nux vomica


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nux vomica

(nŭks vŏm`əkə), bitter-tasting drug obtained from the poisonous seeds of Strychnos nux-vomica, a tree that grows in Sri Lanka, India, and N Australia. The dried seeds contain strychninestrychnine
, bitter alkaloid drug derived from the seeds of a tree, Strychnos nux-vomica, native to Sri Lanka, Australia, and India. It has been used as a rat poison for five centuries, and rat biscuits still remain a cause of accidental poisoning in humans.
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 and brucine, both colorless crystalline alkaloids, as well as sugar, acid, and oil. In the past nux vomica was used as a tonic in the form of a tincture, or alcoholic solution, but it is not used in modern medicine. In minute quantities it has a powerful peristaltic action on the intestines and in larger doses causes convulsions and death.

Nux Vomica

 

(Strychnos nux-vomica), also strychnine tree a small tree (to 15 m high) of the family Loganiaceae. The leaves are opposite, leathery, and shiny. The small greenish white flowers are gathered into umbellate cymose inflorescences. The fruit is a berry, with two to eight very hard disk-shaped seeds with shiny, silky hairs.

The nux vomica is native to the tropical forests of Asia and northern Australia; it is cultivated in the tropics of Africa. Like several other closely related species, it contains poisonous alkaloids (strychnine, brucine), mainly in the seeds. Strychnine (nitrate) and galenicals (the dried extract and tincture of nux vomica) are used in medicine and veterinary medicine as tonics to treat lowered metabolism, rapid fatigability, hypotension, weakened cardiac activity (resulting from intoxication and infection), pareses and paralyses, and atony of the stomach. The genus Strychnos contains 150 to 200 species, which are common to the tropics of both hemispheres. Some species are used as a source of the arrow poison curare, which contains alkaloids called curarines; others are used to treat snakebites and to purify drinking water. [29–592.–1]

nux vomica

[′nəks ′väm·ə·kə]
(botany)
The seed of Strychnos nux-vomica, an Indian tree of the family Loganiaceae; contains the alkaloid strychnine, and was formerly used in medicine.

nux vomica

a medicine manufactured from the seeds of this tree, formerly used as a heart stimulant

nux vomica

1. an Indian spiny loganiaceous tree, Strychnos nux-vomica, with orange-red berries containing poisonous seeds
2. any of the seeds of this tree, which contain strychnine and other poisonous alkaloids

Nyasa

, Nyassa
Lake. a lake in central Africa at the S end of the Great Rift Valley: the third largest lake in Africa, drained by the Shire River into the Zambezi. Area: about 28 500 sq. km (11 000 sq. miles)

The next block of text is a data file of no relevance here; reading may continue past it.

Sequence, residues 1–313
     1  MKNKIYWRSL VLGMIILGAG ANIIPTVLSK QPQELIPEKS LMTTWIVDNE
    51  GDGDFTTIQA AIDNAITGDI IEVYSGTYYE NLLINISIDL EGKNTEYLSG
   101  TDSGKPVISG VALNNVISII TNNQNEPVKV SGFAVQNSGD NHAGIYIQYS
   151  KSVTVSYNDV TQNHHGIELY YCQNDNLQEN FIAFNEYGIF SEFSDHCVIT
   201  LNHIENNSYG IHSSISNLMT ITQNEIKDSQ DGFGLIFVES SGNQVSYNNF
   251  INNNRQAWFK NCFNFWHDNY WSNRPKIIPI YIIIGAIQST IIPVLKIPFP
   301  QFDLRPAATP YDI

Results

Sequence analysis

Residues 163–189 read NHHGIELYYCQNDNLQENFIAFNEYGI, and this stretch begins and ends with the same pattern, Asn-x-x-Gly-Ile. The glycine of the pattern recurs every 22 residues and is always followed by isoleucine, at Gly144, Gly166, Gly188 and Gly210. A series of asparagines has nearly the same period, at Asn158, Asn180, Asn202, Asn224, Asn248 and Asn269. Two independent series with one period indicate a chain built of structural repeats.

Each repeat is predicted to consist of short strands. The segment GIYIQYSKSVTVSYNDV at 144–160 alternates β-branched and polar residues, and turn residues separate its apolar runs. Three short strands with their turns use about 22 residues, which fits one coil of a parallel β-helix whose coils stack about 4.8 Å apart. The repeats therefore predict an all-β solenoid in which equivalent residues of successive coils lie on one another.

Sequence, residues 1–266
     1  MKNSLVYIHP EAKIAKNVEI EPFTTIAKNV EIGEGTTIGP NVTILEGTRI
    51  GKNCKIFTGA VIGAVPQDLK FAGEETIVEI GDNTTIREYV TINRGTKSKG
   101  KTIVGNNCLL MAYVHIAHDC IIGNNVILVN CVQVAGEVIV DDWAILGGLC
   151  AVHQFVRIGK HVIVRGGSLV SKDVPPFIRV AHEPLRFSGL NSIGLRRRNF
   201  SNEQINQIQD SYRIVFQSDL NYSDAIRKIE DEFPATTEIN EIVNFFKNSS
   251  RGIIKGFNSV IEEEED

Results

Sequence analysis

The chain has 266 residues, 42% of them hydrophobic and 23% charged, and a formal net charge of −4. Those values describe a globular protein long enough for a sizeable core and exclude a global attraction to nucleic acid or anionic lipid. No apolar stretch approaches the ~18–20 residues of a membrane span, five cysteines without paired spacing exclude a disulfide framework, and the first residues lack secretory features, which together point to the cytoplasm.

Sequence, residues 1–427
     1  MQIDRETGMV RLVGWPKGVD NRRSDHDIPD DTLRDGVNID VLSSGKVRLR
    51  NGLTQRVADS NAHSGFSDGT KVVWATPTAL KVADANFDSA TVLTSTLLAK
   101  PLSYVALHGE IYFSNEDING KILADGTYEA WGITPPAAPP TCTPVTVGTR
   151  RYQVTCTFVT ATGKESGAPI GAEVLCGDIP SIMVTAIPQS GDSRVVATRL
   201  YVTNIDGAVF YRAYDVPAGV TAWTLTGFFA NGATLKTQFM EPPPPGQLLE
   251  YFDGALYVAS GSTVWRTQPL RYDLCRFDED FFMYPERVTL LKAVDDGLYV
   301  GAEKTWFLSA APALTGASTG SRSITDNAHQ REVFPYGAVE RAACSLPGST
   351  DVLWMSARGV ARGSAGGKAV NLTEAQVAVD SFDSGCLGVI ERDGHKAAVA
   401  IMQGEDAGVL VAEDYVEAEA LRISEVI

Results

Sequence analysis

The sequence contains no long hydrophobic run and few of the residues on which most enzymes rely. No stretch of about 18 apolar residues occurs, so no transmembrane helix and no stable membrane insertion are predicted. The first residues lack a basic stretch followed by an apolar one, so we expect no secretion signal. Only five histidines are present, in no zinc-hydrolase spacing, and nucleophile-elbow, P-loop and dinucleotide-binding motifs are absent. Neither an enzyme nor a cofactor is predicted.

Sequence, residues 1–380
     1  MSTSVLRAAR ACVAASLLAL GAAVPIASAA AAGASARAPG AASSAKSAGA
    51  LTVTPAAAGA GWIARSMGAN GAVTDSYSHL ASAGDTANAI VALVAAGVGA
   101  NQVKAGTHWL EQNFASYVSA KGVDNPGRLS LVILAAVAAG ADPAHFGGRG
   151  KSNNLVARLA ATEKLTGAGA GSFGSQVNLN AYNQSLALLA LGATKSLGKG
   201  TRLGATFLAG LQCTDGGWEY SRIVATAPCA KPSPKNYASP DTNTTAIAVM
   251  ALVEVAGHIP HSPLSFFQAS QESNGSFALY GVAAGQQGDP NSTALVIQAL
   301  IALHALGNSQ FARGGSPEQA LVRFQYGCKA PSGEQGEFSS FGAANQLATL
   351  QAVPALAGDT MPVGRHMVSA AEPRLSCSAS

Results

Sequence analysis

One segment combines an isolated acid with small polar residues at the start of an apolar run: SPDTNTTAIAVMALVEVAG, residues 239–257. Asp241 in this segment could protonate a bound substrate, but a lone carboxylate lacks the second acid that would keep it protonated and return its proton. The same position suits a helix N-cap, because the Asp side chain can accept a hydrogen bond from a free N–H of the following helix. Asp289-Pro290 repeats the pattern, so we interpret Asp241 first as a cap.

References in periodicals archive ?
El Cuadro 1 presenta la distribucion porcentual de la evolucion del proceso diarreico de los lechones segun el tratamiento empleado, sin que se haya encontrado diferencias significativas entre tratamientos; de alli que los resultados demuestran una similar efectividad con el uso de Nux vomica y de TratHo[R] colera, en comparacion con el uso de antibioticos en el tratamiento de la diarrea del lechon.
La nux vomica puede ser utilizada en el manejo de nauseas y vomito, sirve tambien en el manejo de la constipacion, sinusitis y como coadyuvante en el manejo de la ansiedad e irritabilidad de las personas.
nux vomica seeds were purchased from the Ayurvedic Pharmacy, Institute of Medical Sciences, Banaras Hindu University.
A good example is nux vomica Consumed in large quantities, vomica can cause nausea (it's a seed from the Strychnos nux-vomica tree that contains strychnine).
She also recommends arnica for bruises, belladonna for a headache, calendula for cuts, lavender oil to add to a bath to aid sleep and distress, and nux vomica for hangovers.
Commonly used remedies include arnica for bruises, milk thistle for hangovers and nux vomica for anyone who has over-indulged on food and alcohol.
Made from the dried seeds of the strychnos nux vomica plant, it can be used to treat anxiety; burn-out; colic; constipation; cystitis; digestive upsets related to over- indulgence and high stress levels; haemorrhoids; hangover headaches; head colds; labour pains; muscle tension; painful periods; poor sleep; tension headaches and stress-related migraines.
If this is the case, thehomeo-pathic remedy Nux Vomica 30c may be of assistance.
Alternatively, homeopathic remedies that are safe to take include Tabacum 6c every 15 minutes for up to 10 doses; or Nux Vomica 6c every 15 minutes for up to 10 doses.
Homeopathy: The homeopathic remedy Nux Vomica (seeds of the Poison Nut evergreen tree) will also help to relieve motion sickness.
In the case of holiday stomach upsets, Elaine would suggest arsenicum for food poisoning conditions in which patients feel cold and clammy or nux vomica for those feeling the after effects of overindulgence in rich food and too much drink.